By Jack D. Howell
Last Friday, I took a walk into the homeless encampment behind the Flagler County Public Library’s main branch on Palm Coast Parkway and Belle Terre. I was not at all shocked at the sights, squalor, and stench of this horrible blight affecting our beautiful city. It is what I expected. As a former law enforcement officer, I have seen much worse. However, my observation and discussion with the residents in the camp were well worth my time and effort–a true learning experience.
The fact is that we can no longer ignore the consequences of dealing with the homelessness within our community. While there are several homeless encampments throughout the city, the camp at the library is somewhat unique. This camp is located on Flagler County property, but the residents are living in Palm Coast. Jointly, the Flagler County Commission and the Palm Coast City Council must immediately take actions to resolve this problem before it gets entirely out of control.
The question is how do we as a government handle this?
In my opinion, there are no easy solutions. To begin with, we must confront the myriad of issues that the homeless individuals and homeless families are dealing with. The squalor that they are living in is a public health hazard. Hygiene, at all levels, is lacking. The homeless are living surrounded by human waste and garbage. They are living within the Maslow’s hierarchy of needs that motivate human behavior. According to Maslow, there are five different kinds of human needs, beginning with the most basic: survival. Physiological needs, such as food and shelter, are followed by requirements related to safety. The homeless are living in survival mode. It is important to note that some homeless are episodic, some transitional, some chronic.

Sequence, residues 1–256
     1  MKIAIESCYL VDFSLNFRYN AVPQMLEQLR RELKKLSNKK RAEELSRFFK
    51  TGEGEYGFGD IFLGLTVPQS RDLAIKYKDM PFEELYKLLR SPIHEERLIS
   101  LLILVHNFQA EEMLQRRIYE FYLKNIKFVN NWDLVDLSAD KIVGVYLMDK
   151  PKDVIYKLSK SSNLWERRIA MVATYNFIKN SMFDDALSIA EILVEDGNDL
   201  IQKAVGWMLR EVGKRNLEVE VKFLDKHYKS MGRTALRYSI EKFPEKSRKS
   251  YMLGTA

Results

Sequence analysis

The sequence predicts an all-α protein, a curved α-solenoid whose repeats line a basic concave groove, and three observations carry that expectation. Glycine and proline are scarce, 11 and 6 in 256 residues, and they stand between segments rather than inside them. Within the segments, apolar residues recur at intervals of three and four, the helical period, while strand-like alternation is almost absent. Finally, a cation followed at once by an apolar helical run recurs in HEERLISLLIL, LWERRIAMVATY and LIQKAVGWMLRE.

As our government deals with this issue, we must remember that the homeless have legal rights afforded them by the Constitution. Briefly, the First Amendment may exempt persons experiencing homelessness from anti-loitering, anti-begging, and anti-food sharing laws. The Fourth Amendment may entitle people experiencing homelessness to be free from the confiscation and destruction of personal property stored in public spaces. The Eighth Amendment, which prohibits cruel and unusual punishment, may entitle persons experiencing homelessness to be free from anti-sleeping, anti-sitting or encampment laws. The Fourteenth Amendment’s Due Process Clause may authorize individuals experiencing homelessness to be free from laws prohibiting them from living in cars and those that prohibit loitering.
So where do we go from here? To address this problem will take a team effort that should include government, religious organizations, media, schools and charities, as a start. To borrow a phrase from Hillary Clinton, “It Takes a Village.” There will be a need for adequate housing, medical services that include mental health and substance abuse programs, education focused on job skills, job placement, and child support and assistance: this is but the tip of the iceberg.
As a start, we must get an ad-hoc committee together as quickly as possible to take ownership and control. While merely finding ways to arrest and confine the homeless to jail is in some eyes a solution, it is not the right one.
Jack D. Howell was elected to the Palm Coast City Council last November. He is the executive director of Teens-In-Flight, the non-profit, and a retired Marine.